Encouraging this mindset is her way of putting optimism back into dating. “It can be depressing to look at the numbers,” she said of New York City’s singles scene. However, “at the end of day, most people are looking to meet ONE person.” She believes there’s no such thing as being too picky. “You just haven’t met right person.”
Eileen is a 31-year-old woman who lives in New York City and believes she hasn’t met the right person either. After spending her twenties living abroad, she returned to New York unsure of the dating rhythm, finding it hard to connect with people. “It feels very cold, very rushed,” she said of the singles scene here.
She was shopping for matchmakers at the time of our call. “It’s like looking for the right therapist,” she joked. When we spoke, she had just wrapped her first matchmaker meeting, a bit unsure of the women with whom she’d had a consultation, but not of the concept.
“I’m ready to meet The One,” she said. The problem is, she has no patience for online dating and doesn’t have time to meet anyone new otherwise. “I work full-time at a startup. I’m in a relationship with my company.” Eileen, who I was connected to through a mutual friend who also uses a matchmaker (I had no clue until I put up a Facebook status about this), said she’s looking at this as an investment in her personal life so that she can stay focused in the workplace.
“I’ve asked myself if I really want to pay for this. It goes against the grain, but it’s also empowering. I like the idea that I’m putting money toward what I think is an important decision.”
When I reached out for an interview with someone at Three Day Rule, a popular modern matchmaking service, their press office put me in touch with Allison Gerrits, an SF-based “expert on millennials and matchmaking.”
“We’ve seen way more young people interested in the past six months,” Gerrits said when I asked if this was a millennial trend or just something app-fatigued romantics are trying. “We’ve had males in their twenties interested. Our youngest client is 25.” She was about to meet with a 27 year old after our call.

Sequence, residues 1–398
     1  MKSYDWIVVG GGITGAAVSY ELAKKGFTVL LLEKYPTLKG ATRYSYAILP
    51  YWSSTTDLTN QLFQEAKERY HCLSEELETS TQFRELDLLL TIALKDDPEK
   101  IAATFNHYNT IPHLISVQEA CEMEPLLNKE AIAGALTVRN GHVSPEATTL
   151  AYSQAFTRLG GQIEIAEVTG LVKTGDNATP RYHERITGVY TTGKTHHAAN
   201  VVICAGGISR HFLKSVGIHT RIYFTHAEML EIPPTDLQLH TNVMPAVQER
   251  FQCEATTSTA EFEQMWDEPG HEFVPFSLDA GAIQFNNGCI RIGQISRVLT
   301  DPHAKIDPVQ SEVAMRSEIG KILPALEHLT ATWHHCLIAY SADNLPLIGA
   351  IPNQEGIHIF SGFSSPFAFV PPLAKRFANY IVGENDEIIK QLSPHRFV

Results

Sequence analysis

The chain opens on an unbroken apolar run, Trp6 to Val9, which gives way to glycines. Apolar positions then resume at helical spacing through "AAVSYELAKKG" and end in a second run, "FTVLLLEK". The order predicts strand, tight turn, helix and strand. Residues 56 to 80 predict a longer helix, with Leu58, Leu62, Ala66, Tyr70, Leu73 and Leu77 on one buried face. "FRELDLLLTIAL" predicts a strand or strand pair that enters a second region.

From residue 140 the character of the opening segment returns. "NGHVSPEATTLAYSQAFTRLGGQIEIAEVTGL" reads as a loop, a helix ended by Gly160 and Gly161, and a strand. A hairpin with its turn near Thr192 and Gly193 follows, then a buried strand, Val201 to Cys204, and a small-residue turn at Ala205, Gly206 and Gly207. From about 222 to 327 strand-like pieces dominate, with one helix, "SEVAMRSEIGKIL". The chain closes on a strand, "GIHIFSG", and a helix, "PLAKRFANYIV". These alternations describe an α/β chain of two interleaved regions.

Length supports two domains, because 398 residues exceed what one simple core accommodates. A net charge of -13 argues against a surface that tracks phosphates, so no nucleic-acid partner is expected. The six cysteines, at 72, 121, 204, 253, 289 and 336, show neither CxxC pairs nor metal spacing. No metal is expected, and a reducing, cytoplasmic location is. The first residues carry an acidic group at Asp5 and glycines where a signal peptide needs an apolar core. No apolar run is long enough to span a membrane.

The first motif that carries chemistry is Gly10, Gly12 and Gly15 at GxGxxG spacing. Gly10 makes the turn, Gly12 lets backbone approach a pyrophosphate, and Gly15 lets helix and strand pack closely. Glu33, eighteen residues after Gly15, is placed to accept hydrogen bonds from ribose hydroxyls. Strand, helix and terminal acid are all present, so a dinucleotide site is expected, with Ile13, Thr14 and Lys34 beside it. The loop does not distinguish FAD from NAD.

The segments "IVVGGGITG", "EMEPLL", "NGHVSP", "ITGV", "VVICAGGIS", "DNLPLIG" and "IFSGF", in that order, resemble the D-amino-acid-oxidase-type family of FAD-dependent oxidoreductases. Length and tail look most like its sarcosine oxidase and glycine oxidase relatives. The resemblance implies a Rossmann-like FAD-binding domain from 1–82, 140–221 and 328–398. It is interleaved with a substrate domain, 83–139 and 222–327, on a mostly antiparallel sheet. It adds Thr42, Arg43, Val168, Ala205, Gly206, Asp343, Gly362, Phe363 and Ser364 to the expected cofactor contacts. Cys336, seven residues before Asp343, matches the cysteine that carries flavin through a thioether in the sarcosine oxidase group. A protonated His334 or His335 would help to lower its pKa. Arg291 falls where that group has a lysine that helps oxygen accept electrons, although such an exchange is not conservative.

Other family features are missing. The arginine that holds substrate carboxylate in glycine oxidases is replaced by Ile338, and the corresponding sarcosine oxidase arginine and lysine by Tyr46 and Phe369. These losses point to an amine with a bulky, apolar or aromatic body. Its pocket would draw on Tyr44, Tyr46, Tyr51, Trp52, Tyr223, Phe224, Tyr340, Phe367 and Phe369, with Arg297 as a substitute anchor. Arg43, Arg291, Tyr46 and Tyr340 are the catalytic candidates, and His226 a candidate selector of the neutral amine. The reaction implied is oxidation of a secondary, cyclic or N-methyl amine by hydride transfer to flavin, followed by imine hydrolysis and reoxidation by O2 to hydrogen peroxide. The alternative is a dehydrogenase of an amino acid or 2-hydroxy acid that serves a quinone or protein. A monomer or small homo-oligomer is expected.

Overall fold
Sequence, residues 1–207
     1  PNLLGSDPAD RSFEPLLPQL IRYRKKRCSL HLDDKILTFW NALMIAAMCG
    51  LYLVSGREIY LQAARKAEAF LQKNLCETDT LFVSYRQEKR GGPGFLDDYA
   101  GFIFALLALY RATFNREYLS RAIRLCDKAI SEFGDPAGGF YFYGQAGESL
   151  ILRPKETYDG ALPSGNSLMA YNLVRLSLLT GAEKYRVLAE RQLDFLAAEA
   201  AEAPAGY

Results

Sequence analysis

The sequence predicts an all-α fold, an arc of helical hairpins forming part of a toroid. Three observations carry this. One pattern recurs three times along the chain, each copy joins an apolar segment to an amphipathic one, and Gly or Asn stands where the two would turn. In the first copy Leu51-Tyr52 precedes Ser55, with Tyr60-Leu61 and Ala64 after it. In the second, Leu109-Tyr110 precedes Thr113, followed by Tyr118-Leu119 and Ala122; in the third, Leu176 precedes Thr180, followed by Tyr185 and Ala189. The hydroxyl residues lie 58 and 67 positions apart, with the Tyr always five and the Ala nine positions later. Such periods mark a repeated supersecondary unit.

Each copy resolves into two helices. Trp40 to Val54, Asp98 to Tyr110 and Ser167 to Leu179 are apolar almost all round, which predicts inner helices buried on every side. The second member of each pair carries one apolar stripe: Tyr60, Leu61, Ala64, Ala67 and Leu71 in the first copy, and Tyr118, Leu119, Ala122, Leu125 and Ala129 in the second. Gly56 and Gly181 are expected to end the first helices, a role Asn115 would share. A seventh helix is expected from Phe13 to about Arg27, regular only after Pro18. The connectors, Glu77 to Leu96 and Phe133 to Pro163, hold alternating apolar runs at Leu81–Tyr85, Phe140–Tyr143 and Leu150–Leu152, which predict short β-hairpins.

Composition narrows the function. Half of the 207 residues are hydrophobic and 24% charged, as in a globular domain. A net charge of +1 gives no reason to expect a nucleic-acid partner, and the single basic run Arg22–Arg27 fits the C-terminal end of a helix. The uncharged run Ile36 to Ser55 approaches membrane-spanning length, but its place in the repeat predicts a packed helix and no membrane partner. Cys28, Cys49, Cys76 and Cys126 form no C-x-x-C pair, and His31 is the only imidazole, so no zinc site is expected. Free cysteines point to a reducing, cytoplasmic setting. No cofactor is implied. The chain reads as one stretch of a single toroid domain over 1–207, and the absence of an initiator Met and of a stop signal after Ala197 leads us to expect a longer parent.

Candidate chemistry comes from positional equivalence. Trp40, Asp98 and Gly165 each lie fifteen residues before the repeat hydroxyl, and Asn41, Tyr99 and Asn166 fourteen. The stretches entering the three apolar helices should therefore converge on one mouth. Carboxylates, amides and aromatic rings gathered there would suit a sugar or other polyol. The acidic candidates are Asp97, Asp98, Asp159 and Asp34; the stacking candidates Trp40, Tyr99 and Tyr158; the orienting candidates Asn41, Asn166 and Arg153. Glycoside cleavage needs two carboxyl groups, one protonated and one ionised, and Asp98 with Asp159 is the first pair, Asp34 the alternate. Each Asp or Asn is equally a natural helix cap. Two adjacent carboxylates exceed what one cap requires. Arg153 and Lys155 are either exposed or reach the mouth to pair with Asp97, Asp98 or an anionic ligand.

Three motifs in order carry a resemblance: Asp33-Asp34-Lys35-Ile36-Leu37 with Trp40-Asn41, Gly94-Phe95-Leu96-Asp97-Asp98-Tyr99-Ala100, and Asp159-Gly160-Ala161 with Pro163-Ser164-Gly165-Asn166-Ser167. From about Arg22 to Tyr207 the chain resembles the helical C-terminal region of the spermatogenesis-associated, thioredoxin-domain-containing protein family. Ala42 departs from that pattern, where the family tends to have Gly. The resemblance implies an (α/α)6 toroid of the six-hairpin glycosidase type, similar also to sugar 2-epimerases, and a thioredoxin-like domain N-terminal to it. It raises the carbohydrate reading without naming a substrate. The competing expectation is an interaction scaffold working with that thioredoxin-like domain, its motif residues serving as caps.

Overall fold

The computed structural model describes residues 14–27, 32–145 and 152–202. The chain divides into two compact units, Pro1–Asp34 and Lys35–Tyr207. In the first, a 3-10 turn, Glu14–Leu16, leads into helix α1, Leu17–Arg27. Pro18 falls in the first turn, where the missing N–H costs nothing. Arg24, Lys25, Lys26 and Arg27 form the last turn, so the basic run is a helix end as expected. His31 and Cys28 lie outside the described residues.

Three Day Rule’s spiel is similar to that of The Bevy, Modern Love Club and matchmaking agency Tawkify: all of the processes in place aren’t there to get you married right out of the gates — they’re there to introduce you to “quality people.”
Quality people. It was a recurring phrase in these interviews, one I assumed was a euphemism for “rich.” I asked Gerrits point-blank: “What does ‘quality’ mean?”
“People are looking for their equal,” she said before listing off resume items like education, career, ambition and friends. “That means they have to be in the same mental space when it comes to relationships, too. Quality means you’re both looking for the same thing.” You never know where you’ll find it, either. Gerrits has been known to recruit clients and database members while riding in Lyft Lines and Uber Pools.
“If you’re single, you’re online,” she said. When I asked her which apps she uses for her clients, Golden listed “all the names you’ve heard of,” from Bumble to Match.com to Coffee Meets Bagel. The apps provide her with “real-time singles” at her fingertips. “This is my database.”
Though she was careful to not divulge too much of her process, she explained that with her method, the other person never finds out she assisted. I asked her if this was technically cat-fishing. She told me it was not. She divulges approved facts about her clients but doesn’t delve too deep and moves the conversation offline as quickly as she can. “My job is to facilitate the meet,” Golden says. “The person who shows up on the date is the same person in the pictures.”
I likened it to the conversations we pen for our friends who suck at online banter. Not everyone’s skilled in the art of the dating app back-and-forth.
When it comes to age, people in their early thirties are outliers for Golden. She has two main groups: singles in their mid-thirties who’ve never been married, and divorced types with kids and “the big career” who skew a bit older. Otherwise, Golden’s clients are made up of those who can afford her. (Her words.) Like most everyone I spoke with, the bulk are heterosexual, though she has had clients who identified as homosexual before. “Love is love,” she said.
I asked Golden what she thought the biggest problem was when it comes to modern dating in a city like New York. “You’re going to meet someone,” she said. “But you have got to give people a chance. If my clients are asked out again [on a second date], I encourage them to go. It’s hard to really know someone at first. Your date may not be great for the first 15 minutes. Maybe after you get a drink, you play a game of ping pong and start to have fun. You start to realize he has a sense of humor, that you’re having a good time and that there’s chemistry. You wouldn’t know unless you created more opportunity.”
That is the thing about these matchmakers, modern or not. At the end of the day, they are nothing if not tenacious romantics.
Photos by Edith Young.